Media Life: Auburn home to bizarre chapter in inspiring running story

Author McDougall tells story of Tarahumara runners; Curtis Salgado headlines SPCA BBQ & Blues in Auburn
By: Gus Thomson, Journal Staff Writer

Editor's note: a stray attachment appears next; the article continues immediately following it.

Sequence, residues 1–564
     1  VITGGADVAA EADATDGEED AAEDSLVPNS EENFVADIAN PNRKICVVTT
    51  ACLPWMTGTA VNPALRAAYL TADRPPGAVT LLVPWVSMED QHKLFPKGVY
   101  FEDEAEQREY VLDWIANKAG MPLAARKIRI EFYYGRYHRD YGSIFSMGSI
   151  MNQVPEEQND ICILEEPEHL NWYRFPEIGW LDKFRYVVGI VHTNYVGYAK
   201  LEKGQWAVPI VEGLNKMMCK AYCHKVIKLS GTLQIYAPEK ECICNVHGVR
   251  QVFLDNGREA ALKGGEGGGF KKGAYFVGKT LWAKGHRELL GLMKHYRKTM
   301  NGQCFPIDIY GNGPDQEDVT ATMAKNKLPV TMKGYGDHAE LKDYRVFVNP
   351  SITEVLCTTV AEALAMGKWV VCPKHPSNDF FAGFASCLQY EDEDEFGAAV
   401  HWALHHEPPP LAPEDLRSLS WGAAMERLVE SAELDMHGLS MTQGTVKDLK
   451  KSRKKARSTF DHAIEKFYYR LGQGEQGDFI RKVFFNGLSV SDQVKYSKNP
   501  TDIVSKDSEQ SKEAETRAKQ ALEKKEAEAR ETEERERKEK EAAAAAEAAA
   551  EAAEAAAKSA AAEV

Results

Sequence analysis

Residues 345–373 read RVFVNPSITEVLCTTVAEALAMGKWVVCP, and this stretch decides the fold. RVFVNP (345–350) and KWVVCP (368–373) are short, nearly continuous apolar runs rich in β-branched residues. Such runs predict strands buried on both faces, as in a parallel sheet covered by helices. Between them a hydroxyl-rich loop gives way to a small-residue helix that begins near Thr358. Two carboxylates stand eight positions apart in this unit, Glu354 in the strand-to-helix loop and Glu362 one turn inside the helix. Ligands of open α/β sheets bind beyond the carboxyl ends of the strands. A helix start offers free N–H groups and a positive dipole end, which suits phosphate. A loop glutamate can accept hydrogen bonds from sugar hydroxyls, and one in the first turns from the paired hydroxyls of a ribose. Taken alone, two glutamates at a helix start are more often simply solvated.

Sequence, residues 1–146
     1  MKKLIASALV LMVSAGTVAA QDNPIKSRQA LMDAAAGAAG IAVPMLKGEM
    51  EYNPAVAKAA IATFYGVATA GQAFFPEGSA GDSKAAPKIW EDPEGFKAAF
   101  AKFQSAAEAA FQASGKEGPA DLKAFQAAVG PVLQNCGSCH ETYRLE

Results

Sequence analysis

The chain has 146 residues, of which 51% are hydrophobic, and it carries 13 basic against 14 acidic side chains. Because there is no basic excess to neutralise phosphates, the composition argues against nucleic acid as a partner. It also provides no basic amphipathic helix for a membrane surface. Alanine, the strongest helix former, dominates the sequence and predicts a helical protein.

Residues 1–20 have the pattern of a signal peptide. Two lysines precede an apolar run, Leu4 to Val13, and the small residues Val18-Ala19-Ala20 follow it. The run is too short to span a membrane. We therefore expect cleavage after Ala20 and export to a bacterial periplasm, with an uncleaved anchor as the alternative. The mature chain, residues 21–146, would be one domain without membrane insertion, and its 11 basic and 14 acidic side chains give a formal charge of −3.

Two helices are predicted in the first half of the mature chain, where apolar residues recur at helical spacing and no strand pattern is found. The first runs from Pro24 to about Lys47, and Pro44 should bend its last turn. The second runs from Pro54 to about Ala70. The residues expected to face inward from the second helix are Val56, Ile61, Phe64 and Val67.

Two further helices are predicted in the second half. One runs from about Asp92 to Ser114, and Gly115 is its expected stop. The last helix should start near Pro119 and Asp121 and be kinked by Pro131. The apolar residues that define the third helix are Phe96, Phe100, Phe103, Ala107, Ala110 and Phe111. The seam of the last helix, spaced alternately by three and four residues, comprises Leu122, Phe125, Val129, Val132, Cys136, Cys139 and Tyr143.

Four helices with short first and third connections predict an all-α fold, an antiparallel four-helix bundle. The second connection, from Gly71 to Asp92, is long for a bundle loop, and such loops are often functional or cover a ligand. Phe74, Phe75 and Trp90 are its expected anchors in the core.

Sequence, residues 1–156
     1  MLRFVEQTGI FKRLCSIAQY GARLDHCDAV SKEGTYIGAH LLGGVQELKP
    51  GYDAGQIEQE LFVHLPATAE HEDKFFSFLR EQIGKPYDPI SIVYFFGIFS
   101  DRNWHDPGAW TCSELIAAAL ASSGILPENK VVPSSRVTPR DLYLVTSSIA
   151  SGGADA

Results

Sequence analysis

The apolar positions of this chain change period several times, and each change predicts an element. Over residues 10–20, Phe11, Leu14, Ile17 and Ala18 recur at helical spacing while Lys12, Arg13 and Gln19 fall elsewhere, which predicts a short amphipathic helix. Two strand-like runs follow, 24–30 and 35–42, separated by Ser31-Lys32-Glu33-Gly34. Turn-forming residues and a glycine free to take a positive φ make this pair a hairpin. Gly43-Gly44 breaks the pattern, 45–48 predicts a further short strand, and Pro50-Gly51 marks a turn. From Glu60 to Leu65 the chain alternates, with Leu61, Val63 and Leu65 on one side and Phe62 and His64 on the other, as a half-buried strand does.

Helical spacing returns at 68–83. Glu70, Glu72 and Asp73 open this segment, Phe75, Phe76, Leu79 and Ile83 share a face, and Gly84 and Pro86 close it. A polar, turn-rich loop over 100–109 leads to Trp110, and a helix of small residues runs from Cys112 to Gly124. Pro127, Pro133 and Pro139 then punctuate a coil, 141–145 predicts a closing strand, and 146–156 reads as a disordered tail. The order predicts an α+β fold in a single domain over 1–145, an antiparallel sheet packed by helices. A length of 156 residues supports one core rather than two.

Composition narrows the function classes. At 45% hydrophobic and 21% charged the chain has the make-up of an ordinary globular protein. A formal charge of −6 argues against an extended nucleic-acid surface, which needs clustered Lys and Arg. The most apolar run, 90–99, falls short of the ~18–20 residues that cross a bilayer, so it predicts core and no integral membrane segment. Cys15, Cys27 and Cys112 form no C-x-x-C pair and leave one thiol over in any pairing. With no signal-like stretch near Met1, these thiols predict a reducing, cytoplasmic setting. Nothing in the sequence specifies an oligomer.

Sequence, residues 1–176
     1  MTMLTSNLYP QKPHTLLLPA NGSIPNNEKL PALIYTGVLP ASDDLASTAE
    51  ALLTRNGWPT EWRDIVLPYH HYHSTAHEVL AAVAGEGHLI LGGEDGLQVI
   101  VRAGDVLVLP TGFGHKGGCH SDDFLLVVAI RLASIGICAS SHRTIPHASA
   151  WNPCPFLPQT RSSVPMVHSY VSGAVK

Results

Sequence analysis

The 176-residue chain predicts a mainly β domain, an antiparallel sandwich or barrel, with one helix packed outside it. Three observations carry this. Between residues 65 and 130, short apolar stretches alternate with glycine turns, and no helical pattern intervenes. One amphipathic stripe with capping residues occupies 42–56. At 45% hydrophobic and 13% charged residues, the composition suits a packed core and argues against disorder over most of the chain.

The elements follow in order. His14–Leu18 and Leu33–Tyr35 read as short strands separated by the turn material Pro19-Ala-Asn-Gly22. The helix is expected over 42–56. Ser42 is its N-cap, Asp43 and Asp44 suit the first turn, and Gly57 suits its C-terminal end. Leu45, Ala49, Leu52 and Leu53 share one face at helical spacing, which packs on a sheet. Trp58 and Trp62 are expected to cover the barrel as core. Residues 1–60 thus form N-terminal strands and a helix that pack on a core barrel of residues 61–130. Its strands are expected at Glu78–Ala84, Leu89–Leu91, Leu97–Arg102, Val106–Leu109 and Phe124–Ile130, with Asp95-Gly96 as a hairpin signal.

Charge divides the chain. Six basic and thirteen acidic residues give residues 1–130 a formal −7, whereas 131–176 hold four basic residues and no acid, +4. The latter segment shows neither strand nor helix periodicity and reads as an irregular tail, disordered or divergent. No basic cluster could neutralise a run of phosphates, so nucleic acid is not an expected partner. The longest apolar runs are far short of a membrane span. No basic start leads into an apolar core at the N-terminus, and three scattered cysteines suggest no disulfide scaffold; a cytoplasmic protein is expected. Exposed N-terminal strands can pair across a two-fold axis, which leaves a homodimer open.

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Outdoor-oriented author Chris McDougall visits Auburn Monday to sign copies and do a Q&A on a book that has a quirky link to the running history of this area. McDougall’s “Born to Run” has just been published in hardback by Random House and the Auburn Running Company store will be welcoming him at 6 p.m. on Memorial Day for a promo session. McDougall, a former war correspondent for the Associated Press and currently a contributing editor for Men’s Health, is a three-time National Magazine Award finalist. So he knows his way around a good yarn. And this one definitely has its Auburn chapter. “Born to Run” is subtitled “A Hidden Tribe, Superathletes, and the Greatest Race the World Has Never Seen.” It’s a look at the Tarahumara Indians of Mexico’s Copper Canyons. Its subtext is that their primitive running ways pound the midsole out of the science and hype of the shoe and sports-apparel industry. The Tarahumara have a short but colorful association with the Western States 100 Endurance Run that takes place this year the weekend of June 27-28. The run finishes in Auburn and that’s where the story really got interesting – and bizarre – back in 1995, when four Tarahumara runners competed in the Western States ultra. Running in tire-soled sandals, they did quite well, all four of them finishing in the Top 12. Third place went to 24-year-old Tarahumara runner Gabriel Batista. For the record, Ann Trason – ultra-endurance running’s superwoman of the 1990s – came in second, beating all the others to the LeFebvre Stadium finish line except Auburn’s Tim Twietmeyer. WHAT A FINISH Outside magazine did a piece on the Western States finish-line fireworks 14 years ago. Team Tarahumara’s sponsor, an outdoorsman by the name of Rick Fisher apparently spoke for the four, accusing race organizers of trying to steal the runners’ “sacred blood” for genetic testing, alleging markers were changed on the course to steer them in the wrong direction, and claiming steroid abuse by other runners cheated the Indians out of victory. The blood that was being “stolen,” by the way, was a standard sampling that occurs at the finish line every year as part of ongoing scientific research. Fisher, taking on the role of champion for the four, irked the normal buzz of Western States finish-line camaraderie. The Tarahumaras broke up their team shortly afterward and have never returned to run on U.S. soil. McDougall picks up the story and brings it into the 21st century, with the isolated Copper Canyon now playing host to its own ultramarathon and the Tarahumaras continuing to snub their noses at the Nike nation by running on rugged flip-flops. Should be an interesting session, with McDougall – who does his running in the Amish backcountry of Pennsylvania – updating the locals on some talented runners living way off the modern-day grid. BLUES BRO’ Placer SPCA has snagged another music legend for its annual BBQ & Blues bash at Auburn’s Gold Country Fairgrounds. The July 11 fest will welcome singer and harmonica player Curtis Salgado as its headliner. Salgado is one of those bluesmeisters who has skittered around the edges of stardom for decades. Back in the 1970s, when his home base was in Eugene, Ore., Salgado was frontman in guitar player Robert Cray’s band. In 1977, he caught the ear of actor John Belushi, who was making “Animal House” in and around Eugene. That’s Salgado playing in the “Animal House” scenes involving frat band Otis Day and the Knights. Belushi took much of Salgado’s act with him when he left and established the Blues Brothers with SNL pal Dan Ackroyd. Salgado was given a shoutout on the debut album sleeve. Salgado continued to develop a following on the blues circuit and even spent a stint in the 1990s as Santana lead singer. The 55-year-old vocalist dodged a fatal bullet three years ago, when financial support from the music community allowed him to undergo a life-saving liver transplant. The list of musicians who helped out ran from Steve Miller to Everclear to Taj Mahal. Bonnie Raitt paid the guy’s rent while he was recovering in the hospital. Clear of cancer now, Salgado is ready to blend the blues, R&B and soul on the Gold Country Fairgrounds stage. The 20th anniversary BBQ & Blues will also feature Café R&B and Mr. December, with Newcastle’s own Dana Moret. Tickets are $20 and can be purchased through the SPCA at (916) 872-7722 Ext. 102, or (530) 885-7387, Ext. 102. Online, the address is Media Life’s Gus Thomson can be reached at